Reviewed by John Lovick: As the 18th century was seeing an explosion of knowledge and development in almost every human enterprise, magic was taking important steps away from its perceived roots in the supernatural and becoming pure entertainment.  during this time there were a number of conjurers from all over Europe travelling across the British isles.  They sometimes capitalized on their origins, and sometimes disguised them.  They were pioneers who were setting the stage for the golden age of conjuring that would begin a century later.  These pioneers had, of course, different styles and repertoires, but almost all of them surely struggled, as this was a time when even few theatrical actors garnered any respect; imagine how low on the social hierarchy magicians were.  They were mostly nomadic, searching new territories to exploit, and - the more things change - they stole each other's tricks, names, credits, and publicity material.  They also wrote pamphlets and books exposing methods, which were sold in bookshops during and after performances, laying the stage for the development of amateurs and hobbyists, who would also flourish about a century later, with the rise of a middle class, and the invention of "leisure" time.

Pietro Micheli is an amateur magician with an interest in collecting and research.  A couple of years ago he presented a detailed study of two 18th century magicians who shared similar names: Tomaso Palatino and Highman Palatine, and he demonstrated that they were actually two different characters rather than the same person, as had been previously thought.  for this presentation he won the first Roxy Award for Research on Magic History.  The Roxy Award is aimed at propagating interest in the research of magic history through a biennal contest where unpublished works dealing with the history of magic are judged.  Micheli's expansion of this award-winning research (combined with information about other performers of the same period) comprise his book "They lived by tricks".  These stories of "thaumaturgick practitioners" are not only important, they are fascinating, and this book adds to our knowledge of a handful of the more important and interesting of these itinerant performers from more than two centuries ago.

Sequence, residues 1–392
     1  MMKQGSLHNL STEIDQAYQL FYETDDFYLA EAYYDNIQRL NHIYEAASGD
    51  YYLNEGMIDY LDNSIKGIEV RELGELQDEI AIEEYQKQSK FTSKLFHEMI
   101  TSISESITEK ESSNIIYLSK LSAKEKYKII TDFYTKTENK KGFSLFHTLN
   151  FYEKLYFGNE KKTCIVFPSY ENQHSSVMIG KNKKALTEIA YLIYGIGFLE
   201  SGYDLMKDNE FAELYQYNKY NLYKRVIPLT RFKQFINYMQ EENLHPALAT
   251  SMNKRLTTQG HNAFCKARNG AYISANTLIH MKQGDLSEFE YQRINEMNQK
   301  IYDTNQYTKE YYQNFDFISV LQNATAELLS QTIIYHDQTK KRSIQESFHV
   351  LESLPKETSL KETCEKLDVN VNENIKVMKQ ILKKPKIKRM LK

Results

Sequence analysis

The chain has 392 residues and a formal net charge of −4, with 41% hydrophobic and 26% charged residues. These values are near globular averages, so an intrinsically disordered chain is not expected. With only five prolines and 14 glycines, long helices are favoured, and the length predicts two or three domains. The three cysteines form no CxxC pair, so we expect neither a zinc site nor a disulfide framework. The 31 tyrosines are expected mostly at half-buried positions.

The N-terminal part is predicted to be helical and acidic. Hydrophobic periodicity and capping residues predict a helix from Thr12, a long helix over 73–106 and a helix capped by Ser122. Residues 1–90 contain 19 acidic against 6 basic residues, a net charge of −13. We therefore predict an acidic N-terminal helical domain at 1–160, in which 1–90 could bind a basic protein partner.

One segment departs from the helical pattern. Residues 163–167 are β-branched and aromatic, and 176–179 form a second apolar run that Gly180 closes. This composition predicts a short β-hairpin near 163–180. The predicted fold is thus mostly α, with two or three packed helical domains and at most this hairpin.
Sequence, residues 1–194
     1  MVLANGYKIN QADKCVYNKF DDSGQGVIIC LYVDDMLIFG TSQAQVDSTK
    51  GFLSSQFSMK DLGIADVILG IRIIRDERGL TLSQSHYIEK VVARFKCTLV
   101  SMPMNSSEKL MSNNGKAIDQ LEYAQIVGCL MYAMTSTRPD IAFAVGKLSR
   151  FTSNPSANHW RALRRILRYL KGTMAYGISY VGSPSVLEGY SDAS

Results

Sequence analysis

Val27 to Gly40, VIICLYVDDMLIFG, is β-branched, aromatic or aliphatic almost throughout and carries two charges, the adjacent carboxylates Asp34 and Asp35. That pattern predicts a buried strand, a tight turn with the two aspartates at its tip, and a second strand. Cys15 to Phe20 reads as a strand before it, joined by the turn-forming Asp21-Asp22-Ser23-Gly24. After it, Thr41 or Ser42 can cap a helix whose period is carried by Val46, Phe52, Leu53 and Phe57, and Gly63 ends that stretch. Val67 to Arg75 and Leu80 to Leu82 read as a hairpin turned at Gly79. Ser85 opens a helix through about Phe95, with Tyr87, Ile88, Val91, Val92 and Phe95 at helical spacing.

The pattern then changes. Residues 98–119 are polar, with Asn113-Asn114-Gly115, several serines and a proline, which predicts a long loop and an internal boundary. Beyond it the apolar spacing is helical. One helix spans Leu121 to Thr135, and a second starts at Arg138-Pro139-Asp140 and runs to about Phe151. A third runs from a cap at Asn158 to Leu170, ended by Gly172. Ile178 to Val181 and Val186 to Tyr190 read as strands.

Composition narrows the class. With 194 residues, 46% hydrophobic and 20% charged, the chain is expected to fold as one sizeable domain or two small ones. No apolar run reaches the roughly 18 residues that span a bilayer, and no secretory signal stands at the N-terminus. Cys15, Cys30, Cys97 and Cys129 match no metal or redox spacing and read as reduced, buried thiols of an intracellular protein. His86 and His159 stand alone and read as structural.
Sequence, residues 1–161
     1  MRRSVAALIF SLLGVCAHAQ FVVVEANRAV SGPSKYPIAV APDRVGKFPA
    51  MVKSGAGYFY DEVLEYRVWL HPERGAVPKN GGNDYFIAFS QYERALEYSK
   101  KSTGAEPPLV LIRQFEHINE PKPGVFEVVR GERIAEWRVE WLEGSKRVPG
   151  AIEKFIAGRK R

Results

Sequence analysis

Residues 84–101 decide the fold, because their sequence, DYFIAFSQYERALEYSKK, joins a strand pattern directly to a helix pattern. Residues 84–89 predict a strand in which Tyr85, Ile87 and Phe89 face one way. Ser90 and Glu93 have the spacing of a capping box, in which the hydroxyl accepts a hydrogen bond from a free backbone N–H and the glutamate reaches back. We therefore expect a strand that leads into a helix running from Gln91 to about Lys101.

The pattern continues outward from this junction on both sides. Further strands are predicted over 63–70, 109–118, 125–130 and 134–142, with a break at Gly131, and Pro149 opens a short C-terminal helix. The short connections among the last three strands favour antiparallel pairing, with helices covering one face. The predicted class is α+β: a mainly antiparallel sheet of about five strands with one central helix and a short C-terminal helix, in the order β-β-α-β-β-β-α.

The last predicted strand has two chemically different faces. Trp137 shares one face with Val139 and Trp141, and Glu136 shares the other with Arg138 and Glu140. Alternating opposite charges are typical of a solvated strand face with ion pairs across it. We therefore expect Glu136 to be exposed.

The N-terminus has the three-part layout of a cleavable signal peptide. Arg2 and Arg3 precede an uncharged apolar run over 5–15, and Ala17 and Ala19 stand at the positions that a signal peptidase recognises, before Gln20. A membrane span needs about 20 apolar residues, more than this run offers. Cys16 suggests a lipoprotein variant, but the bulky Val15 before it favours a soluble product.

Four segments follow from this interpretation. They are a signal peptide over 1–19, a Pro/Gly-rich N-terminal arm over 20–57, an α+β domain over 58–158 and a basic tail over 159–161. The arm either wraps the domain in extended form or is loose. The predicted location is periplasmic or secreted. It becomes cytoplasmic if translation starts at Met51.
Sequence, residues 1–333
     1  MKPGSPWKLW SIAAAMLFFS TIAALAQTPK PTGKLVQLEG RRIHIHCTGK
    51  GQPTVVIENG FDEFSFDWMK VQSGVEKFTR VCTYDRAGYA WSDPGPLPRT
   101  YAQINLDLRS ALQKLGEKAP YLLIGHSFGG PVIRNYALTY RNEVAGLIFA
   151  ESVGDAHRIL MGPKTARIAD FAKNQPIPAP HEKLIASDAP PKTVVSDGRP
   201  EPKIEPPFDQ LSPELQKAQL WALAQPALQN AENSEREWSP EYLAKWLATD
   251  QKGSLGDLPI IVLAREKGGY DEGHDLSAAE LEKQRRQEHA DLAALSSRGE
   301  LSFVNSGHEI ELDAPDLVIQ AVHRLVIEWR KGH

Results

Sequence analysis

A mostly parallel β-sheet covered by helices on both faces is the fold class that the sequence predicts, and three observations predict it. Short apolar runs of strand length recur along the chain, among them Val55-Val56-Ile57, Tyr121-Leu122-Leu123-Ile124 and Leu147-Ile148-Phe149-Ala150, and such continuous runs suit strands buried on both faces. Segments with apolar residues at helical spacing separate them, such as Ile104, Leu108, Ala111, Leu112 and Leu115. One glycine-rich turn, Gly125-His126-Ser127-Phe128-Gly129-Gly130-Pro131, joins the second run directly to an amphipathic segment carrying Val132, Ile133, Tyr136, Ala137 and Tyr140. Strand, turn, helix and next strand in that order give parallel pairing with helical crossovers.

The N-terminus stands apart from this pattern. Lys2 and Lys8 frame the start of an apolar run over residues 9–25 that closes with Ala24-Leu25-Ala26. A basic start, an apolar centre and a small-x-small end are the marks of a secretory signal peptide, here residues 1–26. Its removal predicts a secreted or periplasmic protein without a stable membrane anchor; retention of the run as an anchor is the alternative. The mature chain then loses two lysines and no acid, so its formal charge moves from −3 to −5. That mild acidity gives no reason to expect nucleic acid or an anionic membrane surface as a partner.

The magicians that "They lived by tricks" focus on are the previously mentioned Palatino and Palatine, Philip Breslaw, and Herman Boaz.  However there is also a substantial amount of material about Giuseppe Pinetti, Philip Astley, Monsieur Boulevard, Comus, and Katterfelto.  Let's be clear, you will not mistake this for (or read it like) a novel, as it is an exhaustively researched scholarly work filled with hundreds of footnotes and citations, but it is filled with surprises and delights.